We can always start anew, by Ajahn Sumedho

Ajahn Sumedho, American Buddhist monk trained in Thailand and founder of two English monasteries, offers us his powerful insights into our personal experience, and indeed our very lives themselves. Much of our energies are expended wistfully yearning for the past and the attachments we formed then or regretting what we did or was done to us, and fearfully anticipating the unknown future and what disaster may await us or fantasizing of wonderful future events, and all of this mental and emotional energy pulls us away from the now and our actual lives as we live them. Mindful living in the now liberates us from this suffering.

After reading this classic article from “Buddhism Now”, I followed the link to his book “Don’t Take Your Life Personally, and ordered it. Perhaps his words will resonate with you, too.

Buddhism now

The bodhisattva Jizō. Metropolitan Museum of ArtWhen something unpleasant happens, or something bad, if we say, ‘Well, you know, that’s the way it is . . . !’ that’s not Suchness. That’s just a cynical statement. ‘Life is pretty horrible and that’s the way it is. Just got to put up with it.’ That’s like resignation to misery. It isn’t Suchness; unless, of course, you see the Suchness of that particular attitude.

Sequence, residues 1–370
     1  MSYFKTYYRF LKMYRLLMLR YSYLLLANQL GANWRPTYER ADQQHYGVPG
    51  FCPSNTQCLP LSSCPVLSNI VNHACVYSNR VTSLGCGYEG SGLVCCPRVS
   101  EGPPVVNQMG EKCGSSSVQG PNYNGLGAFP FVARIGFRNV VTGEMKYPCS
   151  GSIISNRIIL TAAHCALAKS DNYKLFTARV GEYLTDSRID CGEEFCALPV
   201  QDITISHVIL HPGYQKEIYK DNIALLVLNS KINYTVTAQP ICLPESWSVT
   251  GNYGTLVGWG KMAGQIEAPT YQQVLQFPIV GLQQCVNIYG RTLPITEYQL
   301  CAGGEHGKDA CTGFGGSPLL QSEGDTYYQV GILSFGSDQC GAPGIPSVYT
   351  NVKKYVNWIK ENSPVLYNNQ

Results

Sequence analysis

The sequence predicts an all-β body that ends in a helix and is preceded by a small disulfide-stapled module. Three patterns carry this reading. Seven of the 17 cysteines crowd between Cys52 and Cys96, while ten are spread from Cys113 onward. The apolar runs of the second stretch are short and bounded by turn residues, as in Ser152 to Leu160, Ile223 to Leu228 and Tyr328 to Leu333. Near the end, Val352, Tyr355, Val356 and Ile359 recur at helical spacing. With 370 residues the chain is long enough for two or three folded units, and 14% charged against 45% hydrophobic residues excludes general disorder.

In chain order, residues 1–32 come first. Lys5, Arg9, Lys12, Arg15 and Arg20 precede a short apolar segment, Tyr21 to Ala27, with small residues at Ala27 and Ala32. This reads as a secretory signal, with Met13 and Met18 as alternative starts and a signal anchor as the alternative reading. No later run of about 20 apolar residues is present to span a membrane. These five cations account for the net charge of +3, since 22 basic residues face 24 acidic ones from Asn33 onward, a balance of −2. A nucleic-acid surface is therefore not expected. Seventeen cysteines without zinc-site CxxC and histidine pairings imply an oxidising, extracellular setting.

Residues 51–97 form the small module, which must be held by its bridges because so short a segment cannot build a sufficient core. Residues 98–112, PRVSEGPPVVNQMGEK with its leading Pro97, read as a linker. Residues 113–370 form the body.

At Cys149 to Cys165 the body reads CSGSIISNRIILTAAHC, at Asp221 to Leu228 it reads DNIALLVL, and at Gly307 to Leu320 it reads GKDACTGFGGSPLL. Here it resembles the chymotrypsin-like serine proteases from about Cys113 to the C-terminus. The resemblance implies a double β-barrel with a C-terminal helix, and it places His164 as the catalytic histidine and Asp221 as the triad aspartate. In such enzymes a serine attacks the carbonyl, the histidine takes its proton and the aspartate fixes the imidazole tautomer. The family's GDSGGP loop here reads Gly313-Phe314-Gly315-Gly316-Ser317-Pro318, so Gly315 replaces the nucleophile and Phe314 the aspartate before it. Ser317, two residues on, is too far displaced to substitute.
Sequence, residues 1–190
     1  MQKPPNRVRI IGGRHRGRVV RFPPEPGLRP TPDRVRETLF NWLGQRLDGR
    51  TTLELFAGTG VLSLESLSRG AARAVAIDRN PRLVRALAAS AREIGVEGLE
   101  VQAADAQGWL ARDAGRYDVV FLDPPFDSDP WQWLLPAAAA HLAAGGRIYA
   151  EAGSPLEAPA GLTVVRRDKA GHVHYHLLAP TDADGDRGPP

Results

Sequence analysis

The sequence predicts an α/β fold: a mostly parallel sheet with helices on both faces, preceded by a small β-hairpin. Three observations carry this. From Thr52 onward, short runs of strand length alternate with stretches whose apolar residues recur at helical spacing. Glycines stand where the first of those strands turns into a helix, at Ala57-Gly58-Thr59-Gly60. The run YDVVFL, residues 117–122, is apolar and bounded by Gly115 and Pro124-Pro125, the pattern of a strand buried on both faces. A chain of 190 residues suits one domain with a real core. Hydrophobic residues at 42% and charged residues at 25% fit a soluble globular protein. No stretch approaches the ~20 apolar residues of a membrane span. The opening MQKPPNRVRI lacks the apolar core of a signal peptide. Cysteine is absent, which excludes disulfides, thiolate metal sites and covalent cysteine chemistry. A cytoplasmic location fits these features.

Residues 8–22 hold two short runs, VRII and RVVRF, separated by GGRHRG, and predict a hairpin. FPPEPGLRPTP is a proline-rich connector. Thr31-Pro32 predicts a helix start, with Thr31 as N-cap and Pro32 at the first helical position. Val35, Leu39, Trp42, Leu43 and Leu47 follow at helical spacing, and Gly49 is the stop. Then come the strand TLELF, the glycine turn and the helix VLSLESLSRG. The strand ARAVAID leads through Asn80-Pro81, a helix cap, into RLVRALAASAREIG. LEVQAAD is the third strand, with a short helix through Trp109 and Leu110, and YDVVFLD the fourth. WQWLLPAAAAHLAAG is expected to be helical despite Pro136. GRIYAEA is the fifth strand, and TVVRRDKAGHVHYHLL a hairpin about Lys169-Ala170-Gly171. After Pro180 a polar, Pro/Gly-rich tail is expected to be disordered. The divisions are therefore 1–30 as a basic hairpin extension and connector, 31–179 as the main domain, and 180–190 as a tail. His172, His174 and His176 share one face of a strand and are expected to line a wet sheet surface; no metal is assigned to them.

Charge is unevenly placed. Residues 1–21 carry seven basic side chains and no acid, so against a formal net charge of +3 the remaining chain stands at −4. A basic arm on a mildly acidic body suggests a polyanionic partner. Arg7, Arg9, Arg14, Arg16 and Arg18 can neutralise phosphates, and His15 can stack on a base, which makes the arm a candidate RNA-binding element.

Or, when we regard the past as something that is very real, we may think, ‘Ten years I’ve been a monk,’ ‘Twenty-eight, twenty-nine, years I’ve been a monk.” That is conventional reality, but it is also thinking of ourselves as having been something for twenty-eight years. That is just a memory; it is perception in the present. When you really look at it, there is not a person any more, there is just a memory in the present.

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